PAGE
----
Siya living out his faith authentically but don’t ‘put him on a pedestal’, says sports chaplain

Springbok rugby captain Siya Kolisi after the team’s historic Rugby World Cup victory against New Zealand in Paris on Saturday night

Double World-Cup-winning Springbok rugby captain Siya Kholisi’s “growth as a disciple of Jesus has been amazing,” says Bruce Nadin co-founder of Sports Chaplaincy South Africa and sports chaplain at Stellenbosch Football Club.

“It’s so easy to go out on the field, you know, and say, I give all the glory and honour to God, etc, etc, when you’re winning. But what I’d say about Siya is that he’s authentically trying to live out his faith,” said Nadin in an interview with Premier Christian News after SA clinched the World Cup for a record-breaking fourth time in Paris on Saturday night.

“The biggest impact I believe he’s having is not so much with his words, but actually, with his actions as a leader, both on the field, but I think across the nations. He is a real symbol of hope.”

“He never ceases to highlight the challenges the country faces and how far it still needs to go to become everything God wants it to be. And I think, in that sense, his faith is lived out in a very real way. He’s an incredibly humble guy,” he said. (continued below the Late Breaking News)

LATE BREAKING NEWS: “We want to be servants of this country” — Siya Kolisi

The following excerpt from a News 24 report illustrates Nadin’s observation about Siya Kolisi’s commitment to addressing SA’s challenges:

On an initially cold Thursday morning that warmed quickly at the Union Buildings in Pretoria, Kolisi and his Boks had a public audience with the country’s “chief commander” – as Kolisi referred to Ramaphosa – ahead of their Rugby World Cup trophy tour.

The 32-year-old skipper used the platform to remind all present of the role they need to play in helping to bridge divisions in society.

“We come from different backgrounds with different challenges, and we see life very differently, but we share the same strength and diversity, and we work for South Africa,” Kolisi said.

“Everything that I do is focused on South Africa, which is what we also do as Springbok players, and we deliver by playing rugby.

“I believe you can use that amongst the country and everybody that you work with at parliament.

“We want to be servants of this country and we serve the country as best as we can by playing rugby.
“We hope to see this unity continuing going forward. We appreciate and we see you.”

Nadin told Pemier that Christian fans and media must be careful to avoid putting Kolisi on a pedestal. 

“A [South African] Christian magazine a couple of years ago had a headline with him on the front, and it said: ‘The hope of the nation’, and I know Siya would say he’s not. Jesus is the hope of the nation, and as a sports chaplain who mentors and disciples Christian athletes, I think we need to remember he’s still a young man, and he’s had to spend the last eight, nine years of his life with an incredible profile, incredible responsibility.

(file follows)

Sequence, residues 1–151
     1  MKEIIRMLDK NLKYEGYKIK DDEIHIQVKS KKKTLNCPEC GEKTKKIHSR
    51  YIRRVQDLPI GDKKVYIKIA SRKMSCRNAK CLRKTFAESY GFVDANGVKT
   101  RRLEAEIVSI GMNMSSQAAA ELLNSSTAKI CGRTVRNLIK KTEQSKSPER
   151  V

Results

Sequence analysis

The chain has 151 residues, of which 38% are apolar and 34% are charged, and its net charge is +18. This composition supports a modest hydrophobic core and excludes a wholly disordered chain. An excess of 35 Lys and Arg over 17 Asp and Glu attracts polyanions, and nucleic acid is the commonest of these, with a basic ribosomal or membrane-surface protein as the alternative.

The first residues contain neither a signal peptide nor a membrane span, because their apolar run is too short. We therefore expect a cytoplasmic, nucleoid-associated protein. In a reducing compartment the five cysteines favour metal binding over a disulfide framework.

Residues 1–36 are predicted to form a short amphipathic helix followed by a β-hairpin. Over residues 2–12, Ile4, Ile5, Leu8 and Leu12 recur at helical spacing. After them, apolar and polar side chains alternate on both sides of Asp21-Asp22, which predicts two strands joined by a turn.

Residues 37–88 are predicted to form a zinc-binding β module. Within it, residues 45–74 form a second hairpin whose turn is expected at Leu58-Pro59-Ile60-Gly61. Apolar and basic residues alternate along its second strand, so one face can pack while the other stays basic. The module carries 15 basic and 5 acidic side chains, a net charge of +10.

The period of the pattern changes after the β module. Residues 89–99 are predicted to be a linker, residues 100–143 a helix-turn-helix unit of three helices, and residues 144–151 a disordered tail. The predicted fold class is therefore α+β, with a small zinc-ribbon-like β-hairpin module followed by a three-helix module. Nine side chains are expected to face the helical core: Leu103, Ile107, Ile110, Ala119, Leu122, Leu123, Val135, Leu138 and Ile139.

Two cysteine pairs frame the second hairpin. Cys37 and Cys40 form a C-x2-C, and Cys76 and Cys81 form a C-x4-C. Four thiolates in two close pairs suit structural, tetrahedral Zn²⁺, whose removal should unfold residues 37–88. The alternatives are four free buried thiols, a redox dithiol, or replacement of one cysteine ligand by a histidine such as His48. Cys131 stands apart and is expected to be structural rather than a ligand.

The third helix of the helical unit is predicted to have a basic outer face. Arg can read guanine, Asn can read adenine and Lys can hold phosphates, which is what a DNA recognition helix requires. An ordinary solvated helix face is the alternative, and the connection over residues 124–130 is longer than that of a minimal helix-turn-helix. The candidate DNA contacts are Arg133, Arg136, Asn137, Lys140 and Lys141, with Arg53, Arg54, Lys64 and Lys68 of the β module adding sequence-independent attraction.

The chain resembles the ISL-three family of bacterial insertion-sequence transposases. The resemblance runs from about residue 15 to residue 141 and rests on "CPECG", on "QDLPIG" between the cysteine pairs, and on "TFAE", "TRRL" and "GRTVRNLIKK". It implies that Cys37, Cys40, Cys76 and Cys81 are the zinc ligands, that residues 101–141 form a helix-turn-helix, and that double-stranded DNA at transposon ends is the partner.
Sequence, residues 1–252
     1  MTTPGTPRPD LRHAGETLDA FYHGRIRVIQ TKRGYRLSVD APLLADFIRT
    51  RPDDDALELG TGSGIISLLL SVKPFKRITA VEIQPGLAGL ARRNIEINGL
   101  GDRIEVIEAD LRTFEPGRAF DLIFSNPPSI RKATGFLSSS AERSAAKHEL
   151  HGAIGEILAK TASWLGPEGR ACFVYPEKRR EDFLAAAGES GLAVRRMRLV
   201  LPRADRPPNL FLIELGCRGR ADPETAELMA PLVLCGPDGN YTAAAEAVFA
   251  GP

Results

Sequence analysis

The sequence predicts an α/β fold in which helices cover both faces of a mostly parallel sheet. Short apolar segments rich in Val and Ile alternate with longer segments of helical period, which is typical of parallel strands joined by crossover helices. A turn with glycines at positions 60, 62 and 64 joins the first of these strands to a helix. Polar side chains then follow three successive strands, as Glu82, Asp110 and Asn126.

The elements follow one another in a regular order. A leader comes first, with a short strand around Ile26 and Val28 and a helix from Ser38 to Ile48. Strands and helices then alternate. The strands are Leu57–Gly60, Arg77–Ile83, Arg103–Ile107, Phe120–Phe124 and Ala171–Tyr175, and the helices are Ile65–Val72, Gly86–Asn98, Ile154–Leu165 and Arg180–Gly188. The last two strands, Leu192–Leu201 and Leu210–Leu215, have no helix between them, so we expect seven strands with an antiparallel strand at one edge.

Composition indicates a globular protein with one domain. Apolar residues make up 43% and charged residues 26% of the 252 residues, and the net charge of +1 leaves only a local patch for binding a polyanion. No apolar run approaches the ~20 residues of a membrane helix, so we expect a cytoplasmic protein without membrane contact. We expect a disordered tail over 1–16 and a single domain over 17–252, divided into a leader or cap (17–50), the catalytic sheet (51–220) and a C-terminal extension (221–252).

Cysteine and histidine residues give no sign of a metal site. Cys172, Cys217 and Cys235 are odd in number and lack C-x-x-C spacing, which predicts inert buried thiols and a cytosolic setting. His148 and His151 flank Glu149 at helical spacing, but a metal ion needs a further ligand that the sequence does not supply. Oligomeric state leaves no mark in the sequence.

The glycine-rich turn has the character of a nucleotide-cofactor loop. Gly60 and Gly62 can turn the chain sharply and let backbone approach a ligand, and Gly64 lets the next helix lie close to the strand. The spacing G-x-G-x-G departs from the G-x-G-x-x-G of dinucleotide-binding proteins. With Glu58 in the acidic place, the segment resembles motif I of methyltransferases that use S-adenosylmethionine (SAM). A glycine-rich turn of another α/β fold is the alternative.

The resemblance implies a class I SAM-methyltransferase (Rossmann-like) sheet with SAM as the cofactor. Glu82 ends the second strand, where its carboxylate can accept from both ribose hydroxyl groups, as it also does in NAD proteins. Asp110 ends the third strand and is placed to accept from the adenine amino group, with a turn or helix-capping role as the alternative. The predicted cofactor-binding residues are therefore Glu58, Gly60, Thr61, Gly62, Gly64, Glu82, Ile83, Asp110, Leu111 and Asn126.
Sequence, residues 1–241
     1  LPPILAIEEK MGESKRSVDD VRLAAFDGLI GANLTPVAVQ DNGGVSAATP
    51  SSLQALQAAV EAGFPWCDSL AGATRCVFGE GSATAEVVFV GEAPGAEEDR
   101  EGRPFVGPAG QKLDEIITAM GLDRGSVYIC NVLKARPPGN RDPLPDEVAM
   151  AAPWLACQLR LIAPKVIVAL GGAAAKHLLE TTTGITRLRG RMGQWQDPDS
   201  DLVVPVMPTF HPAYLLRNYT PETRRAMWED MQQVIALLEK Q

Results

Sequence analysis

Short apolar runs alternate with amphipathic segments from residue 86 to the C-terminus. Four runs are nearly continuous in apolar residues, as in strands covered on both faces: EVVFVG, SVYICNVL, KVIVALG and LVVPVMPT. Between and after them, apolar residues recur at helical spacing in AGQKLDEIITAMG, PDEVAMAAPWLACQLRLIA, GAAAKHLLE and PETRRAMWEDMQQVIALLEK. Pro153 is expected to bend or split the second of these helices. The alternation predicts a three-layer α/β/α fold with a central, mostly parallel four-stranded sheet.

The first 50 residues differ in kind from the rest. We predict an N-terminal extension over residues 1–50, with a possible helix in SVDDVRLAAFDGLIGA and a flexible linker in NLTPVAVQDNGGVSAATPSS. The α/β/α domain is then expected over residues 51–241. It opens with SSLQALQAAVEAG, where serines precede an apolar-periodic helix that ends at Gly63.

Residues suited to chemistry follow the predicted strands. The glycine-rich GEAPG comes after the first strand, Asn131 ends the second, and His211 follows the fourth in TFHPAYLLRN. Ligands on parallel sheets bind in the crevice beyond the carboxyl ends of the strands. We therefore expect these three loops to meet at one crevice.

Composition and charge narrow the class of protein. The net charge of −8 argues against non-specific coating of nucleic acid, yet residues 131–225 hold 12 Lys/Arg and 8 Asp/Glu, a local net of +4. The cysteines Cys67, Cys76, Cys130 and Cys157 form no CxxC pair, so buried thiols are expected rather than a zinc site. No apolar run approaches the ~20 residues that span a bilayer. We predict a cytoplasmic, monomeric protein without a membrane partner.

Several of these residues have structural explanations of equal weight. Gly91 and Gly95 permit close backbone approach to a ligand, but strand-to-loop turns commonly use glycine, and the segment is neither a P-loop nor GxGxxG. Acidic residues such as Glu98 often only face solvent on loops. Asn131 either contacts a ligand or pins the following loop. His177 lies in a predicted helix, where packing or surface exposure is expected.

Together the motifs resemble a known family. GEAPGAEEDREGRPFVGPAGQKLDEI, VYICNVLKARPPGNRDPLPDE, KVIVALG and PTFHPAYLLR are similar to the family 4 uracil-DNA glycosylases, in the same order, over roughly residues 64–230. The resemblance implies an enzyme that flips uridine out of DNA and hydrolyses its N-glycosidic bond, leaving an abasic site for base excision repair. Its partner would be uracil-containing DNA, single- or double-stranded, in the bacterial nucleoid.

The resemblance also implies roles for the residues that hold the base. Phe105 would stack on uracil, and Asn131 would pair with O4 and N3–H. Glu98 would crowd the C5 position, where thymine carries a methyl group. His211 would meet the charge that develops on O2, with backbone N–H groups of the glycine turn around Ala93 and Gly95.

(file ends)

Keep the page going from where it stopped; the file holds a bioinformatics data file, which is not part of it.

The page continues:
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“And largely speaking, he’s handled that really well. But to place that level of expectation on him when the job’s already been done by Jesus, I think it’s a little bit unrealistic.”

Prior to the pandemic, Nadin organised “The Locker Room”, a series of events for sports people to gather privately to worship together, hear testimonies from fellow athletes, and then have a word of encouragement from God’s Word.

Nadin said Kolisi, who attended a number of times, appreciated the rarity of being able to focus purely on Christ without distraction. 

“I think he enjoyed just coming and the focus being on Jesus. So that was the whole aim for us when we organise these events, so the high profile guys could come into the space because sadly, even in our churches here in South Africa, often the guys will go to church and they’ll get jumped on by people attending the church, having pictures taken, wanting autographs.

“To be able to create a space where they’re not the centre of attention, where they can just be themselves, was really important for us.” 

Nadin says Christians need to remember that sportspeople, however much they are celebrated, require the same prayers as all other believers. 

“We’re just ordinary, everyday pilgrims seeking to work out what it means to follow Jesus, carrying our own baggage, you know, our own defaults towards particular sins.

“And often, our athletes attempt to do this in the public spotlight. And sport, particularly contact sports, is emotional. And it doesn’t always bring the best out in us in the moment, as our characters get tested. And I think we actually have to pray for ourselves that we don’t judge too harshly. What do we do when somebody cuts us up on the road? How do we react in our cars or in other situations where things don’t go our way?

“So I’d say pray for them. Pray that they wouldn’t find their identity primarily in their performance or in what people say about them, or in their celebrity or in what they possess. But that they would find it secure in the person of Jesus.”

The victorious Springboks arrived at OR Tambo International Airport this morning to a rousing welcome from thousands of fans. On Thursday they will set out on a four-day trophy tour to covey the team’s appreciation to supporters and to showcase the trophy. They will visit Cape Town, Durban, Johannesburg, Soweto, Pretoria and East London.

In an address to the nation on Monday, President Cyril Ramaphosa announced that Friday December 15 will be a special public holiday to celebrate the country’s Rugby World Cup win.

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